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One Simple Trick to Stop the Comparison Trap

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We’ve all been guilty of falling into the comparison trap. They say comparison is the thief of joy, and it’s true. Have you ever had an awesome day when suddenly something happens, and you’re left feeling depleted and “less than”?

This was likely triggered by comparing yourself to others. We do it all the time, by the way.

When our friends lose weight, we’re happy for them, but at the same time, we might feel a bit jealous or envious. After all, they only needed to lose about 10 pounds, and here you are doing the damn thing, eating kale and legumes, and you need to drop 35 pounds but it’s just not coming off.

I want to share one mindset trick that can help you stop the perfection hangover (that feeling that you’re not perfect, will never be perfect, and you’re depleted from trying so hard to compete with the world).

How to Stop the Comparison Trap

When you find yourself feeling envious, comparing yourself to another person and possibly even feeling bad for their successes, stop.

Take a moment to pray and thank God (or jot in your gratitude journal) three things you’re thankful for related to the comparison you’re in right in the moment.

For example, I drive a 2008 Yukon Denali with 120,000 miles on it. It’s a nice car. Don’t get me wrong, but it’s old and doesn’t have Bluetooth (a necessity).

After we bought it, the driver’s side door handle broke, the dash cracked in one spot, and I often find myself wishing that I could have a newer vehicle. In this case, my comparison trap leaves me looking at neighbors, friends, and even my husband’s newer vehicle wishing I had something newer.

This morning, I found myself thinking those very things, and I stopped to pray about it. What am I thankful for?

  1. I’m thankful that I got rid of my husband’s car (which I hated) to get this car with a third-row seat. As a family of five, if you don’t have a third row, you have to take two separate cars if you have even one person extra with you.
  2. I’m thankful that we moved away from Illinois (the absolute worst state in the Union) back to Florida (a FIVE YEAR goal for me), and we now live in a subdivision with lots of kids for my kids to play with. They are thriving, and every day they’re getting out of the house and playing with friends. We lived in the country before and the kids’ friends never came over (except for family).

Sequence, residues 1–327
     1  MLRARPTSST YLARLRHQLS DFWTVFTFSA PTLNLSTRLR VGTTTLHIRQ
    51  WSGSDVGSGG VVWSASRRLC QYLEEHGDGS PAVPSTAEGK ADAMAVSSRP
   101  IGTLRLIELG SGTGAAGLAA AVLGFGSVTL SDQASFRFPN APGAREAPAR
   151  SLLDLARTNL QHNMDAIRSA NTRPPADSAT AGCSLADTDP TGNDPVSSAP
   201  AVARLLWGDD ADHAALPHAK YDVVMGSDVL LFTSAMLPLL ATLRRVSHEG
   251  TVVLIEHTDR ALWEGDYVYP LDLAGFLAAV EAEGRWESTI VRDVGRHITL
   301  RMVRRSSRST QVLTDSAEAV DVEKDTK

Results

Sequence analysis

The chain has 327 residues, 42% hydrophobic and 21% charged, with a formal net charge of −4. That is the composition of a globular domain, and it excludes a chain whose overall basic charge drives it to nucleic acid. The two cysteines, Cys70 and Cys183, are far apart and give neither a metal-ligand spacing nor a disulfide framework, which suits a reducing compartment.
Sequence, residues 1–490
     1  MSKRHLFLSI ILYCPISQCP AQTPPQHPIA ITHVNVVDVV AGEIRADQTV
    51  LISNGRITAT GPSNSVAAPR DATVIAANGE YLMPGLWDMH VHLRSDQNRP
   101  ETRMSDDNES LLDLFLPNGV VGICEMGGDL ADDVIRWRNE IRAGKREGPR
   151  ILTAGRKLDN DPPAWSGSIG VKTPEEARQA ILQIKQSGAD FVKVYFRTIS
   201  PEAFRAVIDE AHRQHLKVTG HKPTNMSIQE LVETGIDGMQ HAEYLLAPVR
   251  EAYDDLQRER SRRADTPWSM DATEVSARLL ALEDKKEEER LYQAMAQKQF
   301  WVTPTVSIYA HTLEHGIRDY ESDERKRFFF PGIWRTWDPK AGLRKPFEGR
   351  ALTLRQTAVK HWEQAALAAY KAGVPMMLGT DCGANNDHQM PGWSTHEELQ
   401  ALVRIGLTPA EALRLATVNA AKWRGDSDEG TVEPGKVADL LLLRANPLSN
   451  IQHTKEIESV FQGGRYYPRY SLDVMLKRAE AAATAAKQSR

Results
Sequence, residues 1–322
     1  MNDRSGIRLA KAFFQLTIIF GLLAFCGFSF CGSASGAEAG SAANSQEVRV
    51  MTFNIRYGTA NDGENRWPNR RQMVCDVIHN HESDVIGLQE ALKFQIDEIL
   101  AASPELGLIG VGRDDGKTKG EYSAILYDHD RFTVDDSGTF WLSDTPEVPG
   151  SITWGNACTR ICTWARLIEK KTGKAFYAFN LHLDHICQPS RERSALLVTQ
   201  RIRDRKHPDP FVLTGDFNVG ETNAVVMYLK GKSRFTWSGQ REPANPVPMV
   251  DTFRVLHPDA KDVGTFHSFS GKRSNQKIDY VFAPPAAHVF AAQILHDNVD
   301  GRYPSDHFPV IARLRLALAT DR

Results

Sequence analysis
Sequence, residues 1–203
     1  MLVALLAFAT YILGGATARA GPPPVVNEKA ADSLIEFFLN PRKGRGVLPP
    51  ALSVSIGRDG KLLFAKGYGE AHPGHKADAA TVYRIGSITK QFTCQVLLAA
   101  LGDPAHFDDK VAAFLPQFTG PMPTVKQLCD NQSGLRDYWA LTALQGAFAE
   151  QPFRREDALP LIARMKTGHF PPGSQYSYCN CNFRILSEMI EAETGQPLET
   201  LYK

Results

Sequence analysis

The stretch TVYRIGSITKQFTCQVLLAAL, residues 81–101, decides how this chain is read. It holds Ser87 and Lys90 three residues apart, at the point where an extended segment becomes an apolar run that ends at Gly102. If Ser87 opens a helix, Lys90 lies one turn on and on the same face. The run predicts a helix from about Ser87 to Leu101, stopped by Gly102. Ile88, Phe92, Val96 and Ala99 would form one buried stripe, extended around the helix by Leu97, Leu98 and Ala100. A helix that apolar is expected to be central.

3. I’m thankful that I have my online business where I can afford to work from home. I don’t have to put many miles on my old car, so it will last longer than if I was working outside the home!

Do you see the mindset shift? I went from feeling that I have a 13-year-old car that’s noisy and wanting something better to being grateful for that very car and everything that has led me to purchase it.

Is there something you’ve been comparing to your own life that’s leaving you depleted? Take a moment and try this trick! Let me know if it works down in the comments!

2 thoughts on “One Simple Trick to Stop the Comparison Trap”

  1. Great attitude! You may find that when you reach financial independence someday, which I know you will, that having a better car doesn’t mean that much to you any more. My wife and I have been blessed with a lot more money than we will ever need and we still drive a 2006 and a 2008 car. Being able to afford a Mercedes and a BMW, which we could just write checks for tomorrow, doesn’t mean it makes sense to spend that much for a fancy ride. It just feels wasteful to me to put 50 or 60 thousand dollars into an automobile when a 10 or 20 thousand dollar one is just as useful. I think sometimes the fact that you can’t afford something early in life is the main reason people want it so bad. When they can afford it, it doesn’t matter all that much because it isn’t out of reach any more.

    1. Very good advice, Steve! And you are so right! And when we have it, we don’t appreciate it and always want more and more. Gotta keep ourselves in check!

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